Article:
Gerard, Sir Gilbert, of Ash.on Hall, a baronial residence in Ashton-with-Stodday, in the parish of Lancaster, which he obtained with his wife Anne, d. & h. of Thos. Radclyfi^e, of Winmarleigh. He was master of the rolls at this time, and had been attorney general to the Queen and one of the knights of the shire. His wife and at least two of his daughters were good Catholics. He died ^eb. 4, 1592-3. Further notices of him will be found under Amounderness and West Derby. His eldest son. Sir Thomas, was created Baron Gerard, of Gerard's Bromley, co. Staft^ord, in 1603. 1 he Ashton estate passed to the Duke of Hamilton through his marriage in 1660 with the d. & h. of Digby, 5th Lord Gerard. In 1853 the estate was sold by the then Duke of Hamilton to the Starkies ot Huntroyd, and subsequently re-sold to Mr Williamson, of Lancaster, who has since been created Lord Ashton. .

^^^.^

reha

Preston, Thomas, of

Ashto7i, in the parish of Lancaster, Preston, of Holker Hall, married in 1585 Eliz., of Sir Xfer, Wandesford, of Kirklington, co. York, sherifi" of

Lord burghley's map of Lancashire

169

that county in 1578, and d. of Sir Geo. Bowes, of Streatlam Castle, CO. Durham, marshall to Queen Elizabeth and one of the privy Mallory, of Studley, co. York. council, by Doro., d. of Sir He died s.p. Thos. Preston was probably a temporizer in religion.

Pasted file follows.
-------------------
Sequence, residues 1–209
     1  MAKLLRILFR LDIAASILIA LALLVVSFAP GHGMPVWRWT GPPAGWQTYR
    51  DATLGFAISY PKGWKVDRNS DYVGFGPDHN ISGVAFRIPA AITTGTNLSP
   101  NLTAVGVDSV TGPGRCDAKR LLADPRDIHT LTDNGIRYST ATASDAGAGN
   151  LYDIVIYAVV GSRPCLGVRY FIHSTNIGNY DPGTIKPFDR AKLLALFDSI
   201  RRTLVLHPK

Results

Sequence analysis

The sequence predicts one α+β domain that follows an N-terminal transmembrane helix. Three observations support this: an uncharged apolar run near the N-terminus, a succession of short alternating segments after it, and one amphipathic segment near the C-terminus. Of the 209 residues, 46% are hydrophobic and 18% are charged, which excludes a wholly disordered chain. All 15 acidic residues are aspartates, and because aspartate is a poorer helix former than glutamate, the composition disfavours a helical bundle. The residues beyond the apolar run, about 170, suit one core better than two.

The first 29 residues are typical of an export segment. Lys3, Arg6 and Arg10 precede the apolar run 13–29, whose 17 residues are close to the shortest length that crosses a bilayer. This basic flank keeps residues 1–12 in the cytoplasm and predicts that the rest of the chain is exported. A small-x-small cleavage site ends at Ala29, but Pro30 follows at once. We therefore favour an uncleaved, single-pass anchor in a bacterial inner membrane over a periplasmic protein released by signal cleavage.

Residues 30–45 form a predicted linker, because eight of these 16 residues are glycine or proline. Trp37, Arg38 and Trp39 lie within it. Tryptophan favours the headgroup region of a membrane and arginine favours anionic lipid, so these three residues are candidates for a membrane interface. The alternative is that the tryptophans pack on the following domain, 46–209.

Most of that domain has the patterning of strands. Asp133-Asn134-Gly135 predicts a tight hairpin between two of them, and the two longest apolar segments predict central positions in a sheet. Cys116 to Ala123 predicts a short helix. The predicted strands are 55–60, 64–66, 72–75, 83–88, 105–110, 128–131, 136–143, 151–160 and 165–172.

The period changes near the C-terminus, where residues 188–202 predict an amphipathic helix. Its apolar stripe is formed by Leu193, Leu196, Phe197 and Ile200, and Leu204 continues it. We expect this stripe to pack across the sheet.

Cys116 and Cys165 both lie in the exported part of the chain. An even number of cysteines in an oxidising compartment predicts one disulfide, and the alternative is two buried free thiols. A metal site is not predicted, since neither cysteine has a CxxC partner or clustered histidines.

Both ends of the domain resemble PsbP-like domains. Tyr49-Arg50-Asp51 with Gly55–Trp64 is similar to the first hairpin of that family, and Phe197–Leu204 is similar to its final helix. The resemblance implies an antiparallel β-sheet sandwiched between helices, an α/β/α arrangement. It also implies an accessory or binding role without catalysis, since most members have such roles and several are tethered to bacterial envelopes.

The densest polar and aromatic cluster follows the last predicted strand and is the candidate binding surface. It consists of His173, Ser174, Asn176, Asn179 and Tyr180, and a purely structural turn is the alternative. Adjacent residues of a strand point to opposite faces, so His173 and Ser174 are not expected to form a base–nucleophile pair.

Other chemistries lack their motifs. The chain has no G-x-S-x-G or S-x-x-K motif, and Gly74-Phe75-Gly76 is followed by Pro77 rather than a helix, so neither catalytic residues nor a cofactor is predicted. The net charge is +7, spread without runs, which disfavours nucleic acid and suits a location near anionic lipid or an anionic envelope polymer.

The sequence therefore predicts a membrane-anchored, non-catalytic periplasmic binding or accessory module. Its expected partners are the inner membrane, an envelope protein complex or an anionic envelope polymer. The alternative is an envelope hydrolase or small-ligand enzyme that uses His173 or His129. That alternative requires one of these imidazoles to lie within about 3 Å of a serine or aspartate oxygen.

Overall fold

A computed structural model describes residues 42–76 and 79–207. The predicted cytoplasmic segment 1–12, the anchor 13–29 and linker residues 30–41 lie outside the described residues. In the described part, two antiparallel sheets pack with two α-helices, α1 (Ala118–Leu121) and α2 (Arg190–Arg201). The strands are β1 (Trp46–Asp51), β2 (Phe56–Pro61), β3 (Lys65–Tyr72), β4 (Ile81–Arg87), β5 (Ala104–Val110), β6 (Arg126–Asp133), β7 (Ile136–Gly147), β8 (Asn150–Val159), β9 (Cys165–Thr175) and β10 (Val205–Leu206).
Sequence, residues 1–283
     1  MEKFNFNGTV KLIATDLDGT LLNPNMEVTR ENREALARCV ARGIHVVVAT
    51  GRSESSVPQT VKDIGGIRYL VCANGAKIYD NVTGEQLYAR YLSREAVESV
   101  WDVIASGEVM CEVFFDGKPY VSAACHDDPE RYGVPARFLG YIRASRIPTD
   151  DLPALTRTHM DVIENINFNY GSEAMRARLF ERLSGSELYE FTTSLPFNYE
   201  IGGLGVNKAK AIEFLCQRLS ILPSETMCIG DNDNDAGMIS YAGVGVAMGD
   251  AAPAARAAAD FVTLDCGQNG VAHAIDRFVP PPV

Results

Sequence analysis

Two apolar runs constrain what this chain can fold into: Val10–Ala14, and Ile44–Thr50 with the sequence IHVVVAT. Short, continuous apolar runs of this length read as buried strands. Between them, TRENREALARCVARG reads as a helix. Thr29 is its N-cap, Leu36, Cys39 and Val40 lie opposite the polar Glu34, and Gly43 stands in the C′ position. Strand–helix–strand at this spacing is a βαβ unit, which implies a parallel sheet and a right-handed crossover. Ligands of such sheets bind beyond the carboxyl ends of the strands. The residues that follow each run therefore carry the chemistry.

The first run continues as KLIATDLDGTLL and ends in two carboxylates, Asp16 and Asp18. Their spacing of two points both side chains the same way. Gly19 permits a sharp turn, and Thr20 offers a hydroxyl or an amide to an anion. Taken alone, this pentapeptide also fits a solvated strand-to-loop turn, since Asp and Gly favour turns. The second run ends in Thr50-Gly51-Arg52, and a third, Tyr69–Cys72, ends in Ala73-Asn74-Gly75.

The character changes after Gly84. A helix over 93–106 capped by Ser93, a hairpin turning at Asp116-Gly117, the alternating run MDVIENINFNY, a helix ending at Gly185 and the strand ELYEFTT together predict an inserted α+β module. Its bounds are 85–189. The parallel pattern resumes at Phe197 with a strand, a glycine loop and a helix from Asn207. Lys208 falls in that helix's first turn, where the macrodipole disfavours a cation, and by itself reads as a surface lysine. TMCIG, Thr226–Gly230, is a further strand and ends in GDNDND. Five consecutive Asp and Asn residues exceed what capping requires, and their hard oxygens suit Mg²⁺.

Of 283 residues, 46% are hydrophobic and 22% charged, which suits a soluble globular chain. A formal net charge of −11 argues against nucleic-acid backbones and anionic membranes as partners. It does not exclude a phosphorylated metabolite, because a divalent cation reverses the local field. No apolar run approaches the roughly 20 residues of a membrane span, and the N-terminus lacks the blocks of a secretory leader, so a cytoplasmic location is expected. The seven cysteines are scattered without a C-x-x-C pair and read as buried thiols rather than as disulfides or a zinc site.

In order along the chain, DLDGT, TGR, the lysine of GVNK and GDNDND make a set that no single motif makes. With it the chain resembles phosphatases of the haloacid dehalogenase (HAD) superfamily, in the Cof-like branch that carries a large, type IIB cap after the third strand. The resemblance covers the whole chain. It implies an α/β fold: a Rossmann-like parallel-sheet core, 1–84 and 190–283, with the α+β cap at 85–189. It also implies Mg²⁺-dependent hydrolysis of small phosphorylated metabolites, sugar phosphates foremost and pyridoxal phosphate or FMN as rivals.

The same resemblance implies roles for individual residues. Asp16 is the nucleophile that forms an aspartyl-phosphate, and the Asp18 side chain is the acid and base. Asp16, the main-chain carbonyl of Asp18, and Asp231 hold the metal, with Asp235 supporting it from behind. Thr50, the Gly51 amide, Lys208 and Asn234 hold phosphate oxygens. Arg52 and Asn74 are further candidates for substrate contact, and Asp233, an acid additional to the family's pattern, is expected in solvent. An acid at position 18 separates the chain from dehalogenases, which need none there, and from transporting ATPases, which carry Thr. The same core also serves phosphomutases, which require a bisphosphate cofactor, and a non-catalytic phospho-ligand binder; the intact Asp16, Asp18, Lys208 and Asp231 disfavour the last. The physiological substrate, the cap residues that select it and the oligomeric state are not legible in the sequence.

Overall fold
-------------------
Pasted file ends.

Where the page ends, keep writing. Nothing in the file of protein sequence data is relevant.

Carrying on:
Wm.

Dalton, Robert, of Thurnham Hall, in the parish of Lanwas the son of Thos. Dalton and his wife Anne, d. of Sir Rich. Molyneux, of Sephton, and inherited Thurnham from his

caster,

Wm.

Hulton, of He married Eleanor, d. of uncle Robert Dalton. Hulton Park, was sheriff of the county in 1577, and died in 161 5. The Daltons were all staunch recusants. Upon the death of Robert Dalton's grandson and namesake in 1704, the extensive estates passed to his elder d. and ultimately sole h., the wife of Hoghton, of Park Hall, in Charnock Richard, whose descendants assumed the name of Dalton, and by them were held till the death of Miss Eliz. Dalton in 1861, when they were inherited by the Fitzgeralds, baronets, of Castle Ishen, co. Cork, and upon the death of Sir Gerald Richard Dalton-Fitzgerald, loth Bart., in 1894, they reverted to a branch of the Daltons who had emigrated and lost the faith of their forefathers.

Wm.